SANTA FE, N.M. (AP) — Election Day is still four weeks away, but New Mexicans can start voting Tuesday in the general election.
Voters can go to their county clerk’s office to cast a ballot in person, and clerks will begin mailing out absentee ballots. Tuesday also is the deadline for people to register to vote.
In the presidential election four years ago, 62 percent of New Mexico voters cast their ballots before polls opened on Election Day. Early and absentee voting accounted for nearly half of the ballots cast in the gubernatorial election two years ago.
Bernalillo County Clerk Maggie Toulouse Oliver said her office had received 15,199 requests for absentee ballots as of last Friday. Democrats accounted for 48 percent of those; Republicans 37 percent; 12 percent were from voters unaffiliated with a political party; and the remainder came from voters registered with other parties, including Greens and Libertarians.
In the 2008 general election, about 76,700 absentee ballots were cast in Bernalillo County, and early voting totaled nearly 127,000. The county is the largest in the state and is home to a third of New Mexico’s voters.
Denise Lamb, the chief deputy clerk in Santa Fe County and a former state elections director, said only a quarter of Santa Fe County’s ballots were cast on Election Day four years ago.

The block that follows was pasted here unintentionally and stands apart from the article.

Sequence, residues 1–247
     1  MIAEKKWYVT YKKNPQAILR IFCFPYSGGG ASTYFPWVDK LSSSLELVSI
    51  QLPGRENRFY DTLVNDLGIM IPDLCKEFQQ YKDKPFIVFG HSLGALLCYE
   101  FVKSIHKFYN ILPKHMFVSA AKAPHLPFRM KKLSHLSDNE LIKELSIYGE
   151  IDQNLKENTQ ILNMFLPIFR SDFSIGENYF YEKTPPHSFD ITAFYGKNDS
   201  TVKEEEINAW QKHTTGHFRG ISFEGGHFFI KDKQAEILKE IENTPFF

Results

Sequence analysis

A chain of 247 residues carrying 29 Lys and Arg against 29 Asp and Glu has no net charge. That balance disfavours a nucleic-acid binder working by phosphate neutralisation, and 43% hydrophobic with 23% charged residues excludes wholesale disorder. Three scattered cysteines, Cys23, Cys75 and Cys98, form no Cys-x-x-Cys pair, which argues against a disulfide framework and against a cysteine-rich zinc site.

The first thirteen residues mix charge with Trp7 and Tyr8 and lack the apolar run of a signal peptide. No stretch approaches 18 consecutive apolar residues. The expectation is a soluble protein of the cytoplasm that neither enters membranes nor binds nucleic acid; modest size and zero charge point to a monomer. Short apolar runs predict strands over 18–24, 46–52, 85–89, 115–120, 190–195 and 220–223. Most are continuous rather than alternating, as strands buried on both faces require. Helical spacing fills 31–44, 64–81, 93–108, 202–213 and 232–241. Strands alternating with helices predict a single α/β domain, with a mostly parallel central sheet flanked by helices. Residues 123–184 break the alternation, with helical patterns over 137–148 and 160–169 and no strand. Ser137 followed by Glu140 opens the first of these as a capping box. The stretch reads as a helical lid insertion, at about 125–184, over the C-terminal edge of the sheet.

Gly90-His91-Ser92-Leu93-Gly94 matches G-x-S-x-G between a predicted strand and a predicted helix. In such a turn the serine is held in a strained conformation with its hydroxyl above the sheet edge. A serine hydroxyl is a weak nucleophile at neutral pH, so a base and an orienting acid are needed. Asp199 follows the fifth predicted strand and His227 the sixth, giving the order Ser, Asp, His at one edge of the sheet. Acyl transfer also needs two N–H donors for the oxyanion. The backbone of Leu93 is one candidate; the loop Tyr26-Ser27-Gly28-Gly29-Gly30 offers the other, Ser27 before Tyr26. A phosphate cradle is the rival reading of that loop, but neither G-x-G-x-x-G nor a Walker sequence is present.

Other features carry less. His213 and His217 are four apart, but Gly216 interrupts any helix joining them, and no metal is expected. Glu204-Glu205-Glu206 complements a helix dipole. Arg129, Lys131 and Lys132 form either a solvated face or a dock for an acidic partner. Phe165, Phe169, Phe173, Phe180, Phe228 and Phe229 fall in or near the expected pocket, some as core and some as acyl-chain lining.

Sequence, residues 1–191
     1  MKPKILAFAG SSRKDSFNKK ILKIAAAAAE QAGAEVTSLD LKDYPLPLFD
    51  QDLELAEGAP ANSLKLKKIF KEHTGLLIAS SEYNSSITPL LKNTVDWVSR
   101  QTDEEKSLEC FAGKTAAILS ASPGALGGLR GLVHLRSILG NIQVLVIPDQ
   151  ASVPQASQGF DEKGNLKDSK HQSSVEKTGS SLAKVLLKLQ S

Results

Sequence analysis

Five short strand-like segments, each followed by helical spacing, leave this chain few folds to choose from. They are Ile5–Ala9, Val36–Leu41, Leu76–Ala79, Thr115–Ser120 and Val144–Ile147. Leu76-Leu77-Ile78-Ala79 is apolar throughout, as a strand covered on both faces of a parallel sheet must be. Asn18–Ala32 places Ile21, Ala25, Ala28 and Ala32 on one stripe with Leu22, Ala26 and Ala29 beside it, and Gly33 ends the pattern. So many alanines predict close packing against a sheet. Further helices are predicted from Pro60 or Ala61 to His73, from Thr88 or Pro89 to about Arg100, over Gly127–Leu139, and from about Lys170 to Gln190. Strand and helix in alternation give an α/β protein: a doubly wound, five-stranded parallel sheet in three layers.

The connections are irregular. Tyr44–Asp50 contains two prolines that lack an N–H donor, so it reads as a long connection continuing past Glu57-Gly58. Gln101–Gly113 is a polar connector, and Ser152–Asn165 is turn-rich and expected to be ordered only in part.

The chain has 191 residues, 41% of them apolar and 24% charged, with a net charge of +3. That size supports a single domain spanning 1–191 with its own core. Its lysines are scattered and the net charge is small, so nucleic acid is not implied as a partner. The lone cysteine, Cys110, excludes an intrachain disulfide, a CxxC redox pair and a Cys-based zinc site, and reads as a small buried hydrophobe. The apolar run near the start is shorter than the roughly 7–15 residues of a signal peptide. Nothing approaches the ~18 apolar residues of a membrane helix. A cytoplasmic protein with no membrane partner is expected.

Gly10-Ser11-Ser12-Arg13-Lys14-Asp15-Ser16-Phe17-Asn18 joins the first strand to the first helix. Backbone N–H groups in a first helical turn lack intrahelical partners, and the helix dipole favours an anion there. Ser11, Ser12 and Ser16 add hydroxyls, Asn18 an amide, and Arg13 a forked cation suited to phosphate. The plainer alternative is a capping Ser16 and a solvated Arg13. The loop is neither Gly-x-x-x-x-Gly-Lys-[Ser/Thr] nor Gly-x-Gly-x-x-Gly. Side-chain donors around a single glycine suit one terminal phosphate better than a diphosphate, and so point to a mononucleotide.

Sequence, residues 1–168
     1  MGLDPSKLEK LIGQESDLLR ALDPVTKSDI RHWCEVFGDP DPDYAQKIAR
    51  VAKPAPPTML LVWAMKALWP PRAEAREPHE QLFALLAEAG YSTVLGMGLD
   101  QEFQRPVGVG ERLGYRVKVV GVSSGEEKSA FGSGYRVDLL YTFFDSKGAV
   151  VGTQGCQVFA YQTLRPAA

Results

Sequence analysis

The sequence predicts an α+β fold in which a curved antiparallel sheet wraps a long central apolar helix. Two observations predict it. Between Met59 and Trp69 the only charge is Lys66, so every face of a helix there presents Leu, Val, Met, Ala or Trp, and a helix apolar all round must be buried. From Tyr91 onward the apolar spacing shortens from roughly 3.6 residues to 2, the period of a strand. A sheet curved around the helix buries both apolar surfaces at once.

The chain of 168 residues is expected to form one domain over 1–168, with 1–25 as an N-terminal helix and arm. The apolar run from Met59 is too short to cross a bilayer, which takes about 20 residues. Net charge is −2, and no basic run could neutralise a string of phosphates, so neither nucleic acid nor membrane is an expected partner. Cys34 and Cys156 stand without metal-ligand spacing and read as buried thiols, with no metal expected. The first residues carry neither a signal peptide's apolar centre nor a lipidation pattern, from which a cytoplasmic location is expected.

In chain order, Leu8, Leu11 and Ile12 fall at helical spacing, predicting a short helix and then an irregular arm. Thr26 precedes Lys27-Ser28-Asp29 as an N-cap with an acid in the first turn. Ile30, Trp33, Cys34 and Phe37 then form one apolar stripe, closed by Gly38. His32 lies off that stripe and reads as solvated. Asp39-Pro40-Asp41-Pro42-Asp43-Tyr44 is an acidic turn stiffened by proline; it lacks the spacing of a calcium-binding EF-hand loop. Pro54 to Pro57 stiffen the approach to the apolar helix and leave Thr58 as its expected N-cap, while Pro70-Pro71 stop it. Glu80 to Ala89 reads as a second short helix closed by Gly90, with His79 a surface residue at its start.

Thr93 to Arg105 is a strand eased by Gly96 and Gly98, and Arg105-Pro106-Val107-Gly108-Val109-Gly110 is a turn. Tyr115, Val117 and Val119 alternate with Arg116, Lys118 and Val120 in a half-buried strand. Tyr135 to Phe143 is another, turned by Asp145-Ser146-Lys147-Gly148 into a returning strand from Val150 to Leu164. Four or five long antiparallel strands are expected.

“People in Santa Fe County are early voters predominantly,” Lamb said.
Early voting opportunities expand Oct. 20 with the opening of satellite polling locations, which will remain open through Nov. 3. Election Day is Nov. 6.
“When the alternate sites open, I think we will see a larger pool of people coming to vote,” said Jennifer Garcia Kozlowski, supervisor of the Dona Ana County bureau of elections.
Dona Ana County, the second largest in the state, had about 900 absentee ballot requests as of last week.
In the presidential election four years ago, about 833,000 New Mexicans cast ballots — not quite 70 percent of the state’s registered voters.
Tanya Shelby, San Juan County chief deputy clerk, said the clerk’s office had received almost 1,800 absentee ballot requests as of Friday and some people had been calling to ask when they would receive their ballot in the mail.
“They’re ready to vote,” Shelby said.